As noted by Instagram Live product manager Shilp Sarkar (to The Verge):
"The use case that caught our attention was people just hanging out on live, particularly young people. After school, they jump on a livestream and hang out. That use of live [video] is particularly interesting to us."
And that then leads to the second major proviso of Instagram Live - live content on Instagram only exists while it's happening. As soon as the broadcast is over, it's gone. No replays. No recorded videos posted to your profile.
In some ways this seems counterintuitive - when Meerkat was first launched you couldn't save your broadcasts, an element that many users found problematic. Periscope improved this, keeping your videos around for 24 hours (it now saves them permanently), then Facebook Live took it a step further, adding all live broadcasts to your profile. But while the ability to save your broadcasts improved the viability of the option for broadcasters, it also took away the freedom of being able to create anything, anytime, and not have it kept for posterity or reference. Instagram's hoping that by making everything non-permanent, more people will feel comfortable about going live, and will do so more often as a result.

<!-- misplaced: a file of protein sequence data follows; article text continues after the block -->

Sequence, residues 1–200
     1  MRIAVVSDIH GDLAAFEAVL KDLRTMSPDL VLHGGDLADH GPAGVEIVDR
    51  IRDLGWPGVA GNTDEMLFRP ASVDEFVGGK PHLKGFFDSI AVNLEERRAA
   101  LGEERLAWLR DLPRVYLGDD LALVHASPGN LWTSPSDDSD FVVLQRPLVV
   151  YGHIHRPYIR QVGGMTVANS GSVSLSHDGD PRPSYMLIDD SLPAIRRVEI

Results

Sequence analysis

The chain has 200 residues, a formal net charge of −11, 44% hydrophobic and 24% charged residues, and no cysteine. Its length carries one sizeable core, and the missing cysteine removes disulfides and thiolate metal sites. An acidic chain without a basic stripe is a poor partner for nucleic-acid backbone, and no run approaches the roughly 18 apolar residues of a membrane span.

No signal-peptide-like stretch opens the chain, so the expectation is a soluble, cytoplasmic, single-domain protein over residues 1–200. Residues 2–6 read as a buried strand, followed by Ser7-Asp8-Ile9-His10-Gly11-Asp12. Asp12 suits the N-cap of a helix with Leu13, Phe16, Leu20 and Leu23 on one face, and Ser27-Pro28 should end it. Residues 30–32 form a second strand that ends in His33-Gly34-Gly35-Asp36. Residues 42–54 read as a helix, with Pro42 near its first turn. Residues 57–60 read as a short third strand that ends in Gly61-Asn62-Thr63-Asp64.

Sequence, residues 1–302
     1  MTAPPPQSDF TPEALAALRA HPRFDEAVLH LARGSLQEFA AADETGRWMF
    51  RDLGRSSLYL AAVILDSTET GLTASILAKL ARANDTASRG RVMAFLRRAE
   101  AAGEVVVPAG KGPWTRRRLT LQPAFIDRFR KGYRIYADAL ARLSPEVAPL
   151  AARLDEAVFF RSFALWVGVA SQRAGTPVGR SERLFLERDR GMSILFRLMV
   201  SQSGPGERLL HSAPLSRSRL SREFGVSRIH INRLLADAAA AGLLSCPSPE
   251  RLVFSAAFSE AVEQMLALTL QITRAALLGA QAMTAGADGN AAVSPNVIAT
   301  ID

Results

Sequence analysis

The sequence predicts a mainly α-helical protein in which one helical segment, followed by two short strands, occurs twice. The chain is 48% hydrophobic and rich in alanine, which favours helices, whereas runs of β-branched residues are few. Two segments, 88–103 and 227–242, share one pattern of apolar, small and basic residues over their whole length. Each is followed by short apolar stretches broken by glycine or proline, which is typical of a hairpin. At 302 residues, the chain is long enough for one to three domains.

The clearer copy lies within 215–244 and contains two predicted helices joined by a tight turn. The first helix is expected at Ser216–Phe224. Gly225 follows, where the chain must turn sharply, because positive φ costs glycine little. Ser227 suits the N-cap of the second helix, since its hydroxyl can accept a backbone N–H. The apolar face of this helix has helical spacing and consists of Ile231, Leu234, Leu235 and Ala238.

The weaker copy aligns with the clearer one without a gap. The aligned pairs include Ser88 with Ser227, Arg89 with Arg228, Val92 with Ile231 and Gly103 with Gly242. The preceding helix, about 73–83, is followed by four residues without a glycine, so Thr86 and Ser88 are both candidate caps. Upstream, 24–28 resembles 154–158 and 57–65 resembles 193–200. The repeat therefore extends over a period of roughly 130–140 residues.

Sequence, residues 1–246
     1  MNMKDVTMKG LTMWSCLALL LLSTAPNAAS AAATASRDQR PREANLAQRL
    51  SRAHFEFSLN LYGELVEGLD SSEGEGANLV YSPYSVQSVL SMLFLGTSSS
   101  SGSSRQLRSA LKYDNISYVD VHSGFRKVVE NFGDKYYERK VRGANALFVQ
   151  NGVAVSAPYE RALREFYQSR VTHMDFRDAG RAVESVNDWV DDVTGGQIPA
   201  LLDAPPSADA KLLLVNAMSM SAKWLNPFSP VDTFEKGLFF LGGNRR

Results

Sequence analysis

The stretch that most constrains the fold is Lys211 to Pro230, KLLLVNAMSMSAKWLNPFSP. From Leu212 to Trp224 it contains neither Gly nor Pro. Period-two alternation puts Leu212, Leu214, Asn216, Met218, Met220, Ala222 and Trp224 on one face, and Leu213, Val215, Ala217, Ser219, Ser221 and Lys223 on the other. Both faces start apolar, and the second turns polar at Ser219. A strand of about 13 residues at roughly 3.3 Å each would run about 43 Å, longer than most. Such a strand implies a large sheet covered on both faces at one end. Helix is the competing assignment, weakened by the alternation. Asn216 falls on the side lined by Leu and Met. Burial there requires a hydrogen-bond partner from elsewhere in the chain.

When you're broadcasting, your friends will be able to see that you're live via your Stories icon in the app - a 'Live' badge will be attached to your picture, as shown in the first image below.
Interestingly, Instagram's also adding a 'Top Live Videos' section within the Explore tab to highlight live content happening at any given time. The listing will be displayed based on view count, relative geography and language for each user, aiming to showcase the most engaging examples - and since they disappear after broadcast, you'll need to check them out as they happen. And while the logic of this listing makes sense - it'll give celebrities, in particular, another way to reach a wider audience - it does somewhat go against the more personal ethos of the addition, as the listing will also include people you don't follow.